When you node better, you do better, or that’s the idea: Dell EMC upscales all-flash PowerScale

Dell EMC has launched a faster all-flash PowerScale system with 65 per cent more NVMe capacity per node. It has added a general speed boost with an OS upgrade, and claims to have made PowerScale quicker in the Google cloud as well.

The scale-out filer PowerScale product line, previously branded Isilon, has all-flash, hybrid and archive nodes. Its OneFS operating system provides inline compression and deduplication. We understand it supports mixed system clusters of up to 252 nodes.

Dell EMC’s John Shirley, VP of Product Management, Unstructured Data Solutions, called the F900 a “workhorse” for “modern high performance data lakes.” He added that users could “add in new F900 nodes or replace old nodes with new PowerScale nodes.” These have “compatibility with existing Isilon clusters, thanks to the PowerScale OneFS operating system.”

The F900 uses a 24-slot, 2U chassis, which has a 368TB maximum raw capacity using 15.36TB SSDs. It is controlled by dual-socket Cascade Lake generation Xeon processors. It supports Nvidia’s GPUDirect server CPU-bypass IO technology to feed data faster to GPUs. 

F900 front showing the 24 drive bays behind the bezel

The existing F800 and F810 have more capacity in their 4U chassis, at 924TB, than the F900. However, there are four nodes in the F800/810 chassis, meaning 231TB/node. That is why the F800 and F810 maximum raw cluster capacity is 58PB while the new F900 goes up to 93PB, 60 per cent more.

We tabulated the different F-series PowerScale systems, although there is missing performance information for some:

Dell competitor Qumulo has a P368T all-flash filer also using a 2U by 24-slot chassis, also with 368TB of raw capacity. It uses 2 x Intel Gold 6126 CPUs rated at 2.6GHz, with 12 cores. Potentially the F900’s Cascade Lake processors may be faster but your mileage may vary.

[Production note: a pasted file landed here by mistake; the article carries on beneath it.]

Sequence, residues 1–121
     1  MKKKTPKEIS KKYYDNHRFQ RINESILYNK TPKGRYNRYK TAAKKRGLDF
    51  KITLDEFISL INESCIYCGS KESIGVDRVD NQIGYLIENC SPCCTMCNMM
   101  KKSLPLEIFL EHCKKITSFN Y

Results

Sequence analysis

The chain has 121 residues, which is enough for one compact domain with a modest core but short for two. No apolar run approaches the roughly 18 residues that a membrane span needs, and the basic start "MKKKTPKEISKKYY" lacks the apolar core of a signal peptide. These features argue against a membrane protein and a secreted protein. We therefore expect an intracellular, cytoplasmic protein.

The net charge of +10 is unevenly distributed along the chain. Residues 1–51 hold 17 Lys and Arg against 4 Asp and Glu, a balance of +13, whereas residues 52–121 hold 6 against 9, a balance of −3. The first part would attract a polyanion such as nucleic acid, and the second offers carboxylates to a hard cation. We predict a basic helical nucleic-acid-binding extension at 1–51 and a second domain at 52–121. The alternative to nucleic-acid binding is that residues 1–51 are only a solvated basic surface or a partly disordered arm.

Dell EMC has also upgraded the PowerScale OneFS OS to v9.2, increasing performance for the F200 and F600 systems. Shirley claims it “speeds up PowerScale F200 (edge/entry nodes ) by 25 per cent and F600 (all-NVMe compact performance nodes) systems by 70 per cent for sequential reads.” Since we don’t know the starting numbers for these increases, we can’t speculate about what that means in deliverable performance terms. 

V9.2 OneFS has remote direct memory access (RDMA) support for applications. Shirley said users with network file systems (NFS) benefit from accelerated GPU-powered applications, significantly higher throughput performance and low latency communication, especially for single connection and read intensive workloads.

PowerScale for Google Cloud is now available with all-flash Tier 1 Agile configurations. Shirley said these deployment options “offer a lower entry point with reduced minimum capacities and shorter commitment terms.”

We will be interested to see how PowerScale systems using GPUDirect compare to DDN, Pavilion Data, VAST Data and WekaIO systems in throughput terms.